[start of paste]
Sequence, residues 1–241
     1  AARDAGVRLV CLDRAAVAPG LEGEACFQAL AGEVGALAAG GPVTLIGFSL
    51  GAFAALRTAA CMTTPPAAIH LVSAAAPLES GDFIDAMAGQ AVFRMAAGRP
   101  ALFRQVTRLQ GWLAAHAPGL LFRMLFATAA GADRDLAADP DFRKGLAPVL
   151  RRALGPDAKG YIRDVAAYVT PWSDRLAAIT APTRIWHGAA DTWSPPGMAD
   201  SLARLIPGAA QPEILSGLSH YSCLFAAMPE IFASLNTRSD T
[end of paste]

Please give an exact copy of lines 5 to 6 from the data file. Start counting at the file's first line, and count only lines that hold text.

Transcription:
   151  RRALGPDAKG YIRDVAAYVT PWSDRLAAIT APTRIWHGAA DTWSPPGMAD
   201  SLARLIPGAA QPEILSGLSH YSCLFAAMPE IFASLNTRSD T